In Defense of Fiction
I asked Amie Gibbons for a guest post after I saw a short thing she’d written indignantly defending fiction: “Don’t tell me fiction is a waste of time. You don’t learn empathy, foster imagination or a sense of wonder, or play pretend in non fiction. Those are the realm of fiction and engage the heart as well as the mind.”. Could you expand on that? I asked her. I don’t know if she’s seen my earlier post on Bibliotherapy, but this is a great defense of fiction: what is it good for? Amie is also newly inducted into this mad world of professional authors as she has just published her first title, so give her a warm welcome in the comments.
I have a friend who doesn’t read fiction. No really, he actually said that. And it’s not like he’s your average dolt who only reads tweets and tabloids and hasn’t cracked a book since high school. He’s probably the smartest person I know, is getting his masters at Harvard, and he reads all the time, but it’s biographies, textbooks, news, er, whatever other non-fiction stuff there is clogging the shelves.
When he told me he didn’t read fiction, I asked why and he said it was a waste of time, like sitting around watching TV, and he’d prefer spending his time on more worthy pursuits.
I didn’t even know how to respond to that. If it’s a stupid person who doesn’t read at all, I have responses, but an educated person who grew up reading and doesn’t see the point of reading fiction, ummmmmm.
It brought up a question I’d never really thought about, which I probably should’ve considered before now since I write fiction. Why do you read fiction?
Off the top of my head, I read for entertainment. It’s fun! I’ve read non-fiction for school, obviously, and for work as a lawyer, written by people with varying degrees of writing talent, but nobody reads case law for fun (no matter how entertaining Scalia in full sarcastic form is).
Fun and entertainment are all well and good, and those are the primary purposes of reading (and writing) according to me. But that’s what you could get out of TV and movies.
What makes reading fiction different, special, important, is its ability to stimulate imagination and foster empathy while you’re entertained.
Reading fiction is not like watching TV because it engages the brain far more. You aren’t just watching a story play out, you’re painting the story in your head as it does. You’re exercising your brain just as much reading fiction as non-fiction, because you’re using the same reading skills. So reading fiction, which you would probably prefer to non-fiction since it’s actually fun, builds the skills and brain power you use in the real world, like for reading that non-fiction stuff when it’s required.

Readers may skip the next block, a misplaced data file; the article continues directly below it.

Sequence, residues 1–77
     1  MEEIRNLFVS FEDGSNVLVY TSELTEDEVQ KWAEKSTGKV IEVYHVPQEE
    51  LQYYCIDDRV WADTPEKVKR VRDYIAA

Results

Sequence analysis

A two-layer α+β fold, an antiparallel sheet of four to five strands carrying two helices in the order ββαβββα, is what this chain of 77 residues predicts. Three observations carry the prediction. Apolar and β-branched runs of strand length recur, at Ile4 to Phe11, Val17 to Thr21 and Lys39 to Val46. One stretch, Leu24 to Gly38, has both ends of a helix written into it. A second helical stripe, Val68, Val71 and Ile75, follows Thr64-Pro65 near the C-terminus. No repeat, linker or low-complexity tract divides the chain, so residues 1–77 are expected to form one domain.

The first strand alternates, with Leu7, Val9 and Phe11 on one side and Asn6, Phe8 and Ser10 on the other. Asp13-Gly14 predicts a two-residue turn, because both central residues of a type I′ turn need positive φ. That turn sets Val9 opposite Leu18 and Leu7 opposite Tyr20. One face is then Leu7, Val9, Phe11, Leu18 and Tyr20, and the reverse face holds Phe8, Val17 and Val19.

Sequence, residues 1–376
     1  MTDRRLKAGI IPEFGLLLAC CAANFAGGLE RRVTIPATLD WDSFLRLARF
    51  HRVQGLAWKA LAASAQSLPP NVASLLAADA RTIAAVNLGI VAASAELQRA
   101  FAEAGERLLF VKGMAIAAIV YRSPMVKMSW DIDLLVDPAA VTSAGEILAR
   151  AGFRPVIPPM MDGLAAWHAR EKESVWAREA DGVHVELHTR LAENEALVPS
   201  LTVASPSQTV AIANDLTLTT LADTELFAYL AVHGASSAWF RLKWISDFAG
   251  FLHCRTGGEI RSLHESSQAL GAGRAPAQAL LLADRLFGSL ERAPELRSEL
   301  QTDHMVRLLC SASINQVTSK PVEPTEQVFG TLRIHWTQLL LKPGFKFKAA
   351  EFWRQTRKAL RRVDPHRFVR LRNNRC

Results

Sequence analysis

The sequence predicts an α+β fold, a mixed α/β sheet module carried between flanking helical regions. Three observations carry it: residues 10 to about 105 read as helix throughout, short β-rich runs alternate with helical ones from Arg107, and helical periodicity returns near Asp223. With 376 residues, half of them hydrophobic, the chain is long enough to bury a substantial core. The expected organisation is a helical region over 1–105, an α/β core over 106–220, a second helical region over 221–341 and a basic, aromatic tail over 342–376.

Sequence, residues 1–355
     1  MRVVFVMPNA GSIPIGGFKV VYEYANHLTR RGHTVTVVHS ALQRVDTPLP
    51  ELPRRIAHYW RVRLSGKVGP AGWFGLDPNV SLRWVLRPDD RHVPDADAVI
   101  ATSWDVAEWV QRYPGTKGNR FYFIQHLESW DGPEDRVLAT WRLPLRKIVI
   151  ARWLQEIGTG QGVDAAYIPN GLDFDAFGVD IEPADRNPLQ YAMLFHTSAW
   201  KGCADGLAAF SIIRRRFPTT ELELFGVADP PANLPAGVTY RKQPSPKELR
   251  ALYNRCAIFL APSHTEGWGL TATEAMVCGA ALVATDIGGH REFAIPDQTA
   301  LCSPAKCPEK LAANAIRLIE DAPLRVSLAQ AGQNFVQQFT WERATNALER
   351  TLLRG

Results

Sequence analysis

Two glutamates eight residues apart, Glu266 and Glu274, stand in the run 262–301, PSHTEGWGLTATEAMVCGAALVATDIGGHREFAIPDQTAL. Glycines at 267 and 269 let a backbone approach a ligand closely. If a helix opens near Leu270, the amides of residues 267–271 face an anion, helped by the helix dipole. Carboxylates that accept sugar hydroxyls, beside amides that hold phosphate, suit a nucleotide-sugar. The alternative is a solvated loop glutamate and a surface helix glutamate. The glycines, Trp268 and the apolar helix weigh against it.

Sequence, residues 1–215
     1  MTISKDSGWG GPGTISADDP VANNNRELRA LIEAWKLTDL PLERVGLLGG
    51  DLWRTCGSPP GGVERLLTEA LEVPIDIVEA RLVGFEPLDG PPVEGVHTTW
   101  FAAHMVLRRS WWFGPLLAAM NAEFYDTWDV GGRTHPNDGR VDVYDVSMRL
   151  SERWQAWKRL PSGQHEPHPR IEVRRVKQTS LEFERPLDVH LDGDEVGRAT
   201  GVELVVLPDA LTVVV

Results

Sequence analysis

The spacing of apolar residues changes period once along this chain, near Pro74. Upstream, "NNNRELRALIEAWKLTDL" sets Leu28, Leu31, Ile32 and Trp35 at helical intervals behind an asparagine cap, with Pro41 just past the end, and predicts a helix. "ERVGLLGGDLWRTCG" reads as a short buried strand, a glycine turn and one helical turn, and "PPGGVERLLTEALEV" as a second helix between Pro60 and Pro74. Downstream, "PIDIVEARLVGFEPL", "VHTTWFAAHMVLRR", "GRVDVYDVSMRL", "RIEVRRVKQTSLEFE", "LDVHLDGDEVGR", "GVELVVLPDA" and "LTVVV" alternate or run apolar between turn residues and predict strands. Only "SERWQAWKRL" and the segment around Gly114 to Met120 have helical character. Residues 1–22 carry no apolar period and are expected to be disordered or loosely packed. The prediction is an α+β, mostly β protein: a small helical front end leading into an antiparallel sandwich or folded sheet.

It’s the difference between running on a track and running after an actor playing a zombie with a paintball gun. One sounds a hell of a lot more fun, huh? And either way, you’re getting your exercise.
But on top of that, even the well-written, entertaining non-fiction doesn’t engage the heart at the same level well-written fiction does. You learn facts from non-fiction, but you learn empathy, imagination and explore all realms of possibility in fiction, because it engages the heart as well as the mind.
That’s because at its heart, non-fiction is meant to educate. Its raison d’etre is to convey information. Fiction, at its heart, is meant to engage.
Engage the part of the mind that deals in facts, yes, but more importantly, it is meant to engage the imagination and the emotions. You explore new worlds, situations and feelings through fiction. Speculative fiction takes it a step further because it makes you experience things that don’t exist in our reality. Your brain learns to take situations and synthesis creative solutions because it’s been doing it for years through reading and trying to put together the pieces to figure out what happens next.
Through reading, you learn to see the world through many different kinds of people’s eyes. You don’t just read about someone facing down a bad guy and being terrified, you are the person facing him down and feeling that way. So when you see someone scared in real life, you can understand it even if you haven’t been in that situation yourself. Because you’ve felt it.
Men who have read my short stories and books have come back saying they had more insight into the female mind, or at least that type of female, and understood some of the crazy things girls had done more, because they were put behind the eyes of a female either doing those things and talking herself out of doing them.
I have learned how men tick through male authors. I’ve walked the streets of Victorian London and fought vampires in Atlanta. I’ve had my heart broken by a lover’s betrayal and learned how to grow and recover from it too.
And fiction doesn’t just show you life through others’ eyes, it shows you that you aren’t alone in your feelings, and shows you the possible paths to take to recovery, sometimes when you need it the most.
So don’t tell me fiction is a waste of time. You don’t learn empathy, foster imagination or a sense of wonder, or play pretend in non-fiction. Those are the realm of fiction and engage the heart as well as the mind.
You can find Amie’s debut title here, Evie Jones and the Crazy Exes, and I will tell you that I was a beta reader for her. This is a fun tale, with a deeply sweet heart at the center of it. The plot isn’t about saving the world, but there are few things, I think, more important than risking one’s life in defense of the young and helpless.